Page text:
Unfortunately for Roubini, there is no Nobel Prize in Economic for being the best predictor of global financial markets. Nouriel Roubini warns that the worst in markets and economies is yet to come. On October 23rd, Nouriel predicted the potential shutdown of financial markets. A day later U.S. stock futures suspended trading after declines of more than 6% at opening tripped the circuit breakers. Nonetheless, Nouriel does not expect another Great Depression, but states that policymakers must act quickly and wisely.
Here are the main elements of Nouriel’s outlook:
Tsunami of corporate defaults (I see some defaults in third tier companies not being able to roll over or secure new funding, but I doubt very much this tsunami of corporate defaults will happen as I still see this being largely concentrated in property, lending and banking. Yes, we are already seeing secondary effects on the broader markets but its not as debilitating as Roubini paints it out to be)
2-year U-shaped U.S. recession that threatens to turn into an L-shaped one if policymakers do not regain control of the financial system (Wow, L-shaped, I don't believe I have come across L-shaped recession recovery graphs in my economics textbooks ... if its not in textbooks, it should not exist, right... though the Japanese economy in 1990s looked very L shaped to me)
global re-coupling to the U.S. will advance from non-U.S. markets to non-U.S. real economies – not even the strongest emerging markets such as Brazil and China will escape global re-coupling (Why is Roubini talking of re-coupling, when there was no de-coupling in the first place? Mind you, all BRICs and Asian markets fell earlier and more severe than the US markets. If that's not evidence of markets NEVER ever having decoupled, I don't know what is?)
vicious cycle of deflation in goods markets, labor markets, commodity markets, financial markets, corporate and household earnings, and aggregate demand (Agree to an extent, but not a prolonged period. The basic roubini's thesis is de-leveraging = deflation, not true. De-leveraging has almost been completed, hedge funds are falling like a ton of bricks, the majority of the weak ones have closed shops already. Good thing about hedge funds, when things are bleak, they close shop very quickly... because no more 20% performance kicker, might as well close and lay low for a while, then reopen a new fund later)
de-leveraging to reduce excess debt in municipalities, households and some firms (As above)
U.S. stock markets declining another 20%-30%, bottoming fall 2009 at the earliest, then moving sideways for years post-recession if growth remains anemic as it did in Japan after its 1990s real estate and equities bust (Again being right for the first part of the call does not mean Roubini will get it right again, I think success has gone to his head. The Japanese experience was due to "inaction", banks were very slow to recapitalise, restructure or allowed to fail. Thats why it took them 15 years and growth is still flat. What the Japanese took 15 years to do, the US and European financial markets did it in 3 month. Roubini losing track of events)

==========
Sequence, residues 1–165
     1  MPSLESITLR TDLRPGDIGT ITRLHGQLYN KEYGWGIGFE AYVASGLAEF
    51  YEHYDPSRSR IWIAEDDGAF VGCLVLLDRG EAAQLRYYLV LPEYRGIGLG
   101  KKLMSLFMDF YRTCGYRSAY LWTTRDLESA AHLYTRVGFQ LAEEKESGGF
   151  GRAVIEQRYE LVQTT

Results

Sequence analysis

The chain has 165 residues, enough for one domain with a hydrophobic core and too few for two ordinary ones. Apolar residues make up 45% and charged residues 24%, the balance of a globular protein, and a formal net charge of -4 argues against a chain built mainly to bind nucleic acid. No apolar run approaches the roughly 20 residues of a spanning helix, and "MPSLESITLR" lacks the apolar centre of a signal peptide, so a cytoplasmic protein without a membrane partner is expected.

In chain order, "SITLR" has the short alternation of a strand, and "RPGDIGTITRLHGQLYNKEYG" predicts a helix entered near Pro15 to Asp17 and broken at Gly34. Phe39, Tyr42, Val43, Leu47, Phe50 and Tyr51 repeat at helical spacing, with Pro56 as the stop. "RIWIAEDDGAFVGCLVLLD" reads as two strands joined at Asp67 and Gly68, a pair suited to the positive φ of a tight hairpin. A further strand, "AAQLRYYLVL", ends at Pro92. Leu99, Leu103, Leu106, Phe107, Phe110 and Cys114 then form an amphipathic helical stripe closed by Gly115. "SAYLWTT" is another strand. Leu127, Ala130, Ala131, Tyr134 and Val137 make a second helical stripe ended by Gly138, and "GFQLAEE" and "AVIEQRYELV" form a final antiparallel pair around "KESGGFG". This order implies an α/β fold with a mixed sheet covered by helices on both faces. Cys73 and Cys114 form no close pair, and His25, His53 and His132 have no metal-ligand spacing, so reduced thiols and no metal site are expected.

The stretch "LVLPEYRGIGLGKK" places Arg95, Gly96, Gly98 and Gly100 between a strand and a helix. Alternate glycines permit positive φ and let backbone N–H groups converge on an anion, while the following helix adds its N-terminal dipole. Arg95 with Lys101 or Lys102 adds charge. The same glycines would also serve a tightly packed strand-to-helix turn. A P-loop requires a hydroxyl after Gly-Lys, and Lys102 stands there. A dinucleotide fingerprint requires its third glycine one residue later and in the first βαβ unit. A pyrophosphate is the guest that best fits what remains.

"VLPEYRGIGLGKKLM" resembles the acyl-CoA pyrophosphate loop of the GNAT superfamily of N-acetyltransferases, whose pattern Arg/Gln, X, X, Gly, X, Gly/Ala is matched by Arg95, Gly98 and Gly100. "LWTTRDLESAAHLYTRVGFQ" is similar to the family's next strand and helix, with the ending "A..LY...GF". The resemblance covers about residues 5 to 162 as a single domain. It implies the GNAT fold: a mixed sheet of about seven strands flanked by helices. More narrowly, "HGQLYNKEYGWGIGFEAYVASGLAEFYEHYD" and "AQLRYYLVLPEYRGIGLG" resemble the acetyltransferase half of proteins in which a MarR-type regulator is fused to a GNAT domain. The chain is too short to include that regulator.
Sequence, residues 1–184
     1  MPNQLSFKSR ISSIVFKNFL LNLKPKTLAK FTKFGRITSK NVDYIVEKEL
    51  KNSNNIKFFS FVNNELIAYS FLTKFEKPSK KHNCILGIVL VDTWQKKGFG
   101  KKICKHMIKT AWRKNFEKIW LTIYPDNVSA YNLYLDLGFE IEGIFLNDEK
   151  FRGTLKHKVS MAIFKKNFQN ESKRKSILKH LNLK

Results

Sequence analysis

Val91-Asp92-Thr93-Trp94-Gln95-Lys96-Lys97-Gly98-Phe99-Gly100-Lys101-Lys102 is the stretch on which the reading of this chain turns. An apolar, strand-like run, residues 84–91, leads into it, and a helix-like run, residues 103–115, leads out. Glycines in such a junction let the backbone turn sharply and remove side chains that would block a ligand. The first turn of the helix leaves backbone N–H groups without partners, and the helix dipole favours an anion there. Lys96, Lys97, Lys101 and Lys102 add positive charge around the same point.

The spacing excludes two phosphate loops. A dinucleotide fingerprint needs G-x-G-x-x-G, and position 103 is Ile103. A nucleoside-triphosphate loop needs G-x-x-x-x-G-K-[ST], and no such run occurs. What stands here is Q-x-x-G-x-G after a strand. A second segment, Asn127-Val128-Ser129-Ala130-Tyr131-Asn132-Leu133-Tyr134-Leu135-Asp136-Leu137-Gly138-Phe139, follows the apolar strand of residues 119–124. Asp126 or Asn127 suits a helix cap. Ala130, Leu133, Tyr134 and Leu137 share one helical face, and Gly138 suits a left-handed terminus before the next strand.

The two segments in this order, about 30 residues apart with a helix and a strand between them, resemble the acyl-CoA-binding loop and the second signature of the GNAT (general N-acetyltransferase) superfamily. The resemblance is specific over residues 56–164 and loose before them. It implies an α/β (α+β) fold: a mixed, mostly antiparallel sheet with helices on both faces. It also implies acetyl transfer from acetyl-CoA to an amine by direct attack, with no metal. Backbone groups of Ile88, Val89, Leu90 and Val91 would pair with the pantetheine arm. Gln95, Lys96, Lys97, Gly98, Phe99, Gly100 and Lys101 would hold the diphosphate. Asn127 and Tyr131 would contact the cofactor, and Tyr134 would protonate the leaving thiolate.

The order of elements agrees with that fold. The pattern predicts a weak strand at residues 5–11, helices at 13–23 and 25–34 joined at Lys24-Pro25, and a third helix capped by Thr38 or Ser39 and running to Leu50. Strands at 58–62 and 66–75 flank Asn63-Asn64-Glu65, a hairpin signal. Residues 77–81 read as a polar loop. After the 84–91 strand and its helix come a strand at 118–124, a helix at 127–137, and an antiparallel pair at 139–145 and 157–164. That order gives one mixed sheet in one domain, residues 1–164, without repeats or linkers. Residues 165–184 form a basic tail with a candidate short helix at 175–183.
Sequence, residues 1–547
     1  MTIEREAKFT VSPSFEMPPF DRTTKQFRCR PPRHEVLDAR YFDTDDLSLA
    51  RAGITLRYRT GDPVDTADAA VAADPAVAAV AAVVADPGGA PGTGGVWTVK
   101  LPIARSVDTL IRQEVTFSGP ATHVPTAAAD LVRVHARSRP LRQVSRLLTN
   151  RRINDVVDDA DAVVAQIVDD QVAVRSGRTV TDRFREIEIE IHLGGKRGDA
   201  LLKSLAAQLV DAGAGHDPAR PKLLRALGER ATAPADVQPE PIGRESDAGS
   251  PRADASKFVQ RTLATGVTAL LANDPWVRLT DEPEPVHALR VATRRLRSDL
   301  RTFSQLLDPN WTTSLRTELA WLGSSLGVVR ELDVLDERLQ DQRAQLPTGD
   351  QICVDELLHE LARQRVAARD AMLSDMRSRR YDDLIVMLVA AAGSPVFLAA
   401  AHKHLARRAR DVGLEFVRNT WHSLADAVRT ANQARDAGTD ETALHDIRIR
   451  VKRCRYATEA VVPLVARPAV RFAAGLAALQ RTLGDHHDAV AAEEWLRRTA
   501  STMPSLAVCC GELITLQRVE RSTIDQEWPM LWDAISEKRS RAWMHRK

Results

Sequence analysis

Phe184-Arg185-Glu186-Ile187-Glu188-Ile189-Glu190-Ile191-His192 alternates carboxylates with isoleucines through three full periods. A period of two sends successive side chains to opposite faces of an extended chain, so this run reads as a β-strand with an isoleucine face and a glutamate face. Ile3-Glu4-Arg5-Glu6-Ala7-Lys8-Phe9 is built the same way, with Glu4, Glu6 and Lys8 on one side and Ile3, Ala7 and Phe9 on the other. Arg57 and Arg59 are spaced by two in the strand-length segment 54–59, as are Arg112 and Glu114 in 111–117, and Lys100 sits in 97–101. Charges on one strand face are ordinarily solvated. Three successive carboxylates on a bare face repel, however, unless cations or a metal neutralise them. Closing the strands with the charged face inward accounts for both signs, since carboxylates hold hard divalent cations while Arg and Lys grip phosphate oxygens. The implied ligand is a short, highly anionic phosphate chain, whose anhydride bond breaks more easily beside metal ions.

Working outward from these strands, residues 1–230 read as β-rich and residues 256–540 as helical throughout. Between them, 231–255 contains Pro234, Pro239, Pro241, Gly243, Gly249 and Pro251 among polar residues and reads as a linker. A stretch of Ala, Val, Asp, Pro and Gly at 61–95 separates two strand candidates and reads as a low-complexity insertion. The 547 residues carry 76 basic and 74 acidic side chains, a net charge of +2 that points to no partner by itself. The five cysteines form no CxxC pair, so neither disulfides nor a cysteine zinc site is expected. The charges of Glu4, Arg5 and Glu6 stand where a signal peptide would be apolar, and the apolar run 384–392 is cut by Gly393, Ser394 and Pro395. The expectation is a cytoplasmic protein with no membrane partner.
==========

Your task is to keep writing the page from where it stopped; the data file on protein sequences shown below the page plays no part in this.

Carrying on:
U.S. unemployment rise to reach 8-9% (That is probable but not a prolonged phase because at that unemployment rate, the discount rate may very well go to zero, and we know what happens when there is negative real interest rates)
According to Nouriel, USD assets, commodities, U.S. and international equities, housing, and the USD are quite risky right now. Seek safety in cash or cash-like instruments such as T-bills and bonds of safe, large governments. Though he believes the U.S. dollar will retain its reserve currency status for decades, its status will gradually erode.
Given the size of the expected contraction in private aggregate demand (likely to be about $450 billion in 2009 relative to 2008), Nouriel argues that a fiscal stimulus to the order of $300 billion minimum (and possibly as large as $400 billion) will be necessary to partially compensate for the sharp fall in private aggregate demand.
I like Roubini a lot and he was brave enough to call and defend his views way before they came to fruition. But we should not be blinkered as well, I see some blind spots in his current predictions, as he seems almost "one-tracked-minded" on the whole shebang unfolding to the worst of his nightmares. But, what do I know, I am not a professor or an economist.
p/s photos: Im Ji Hye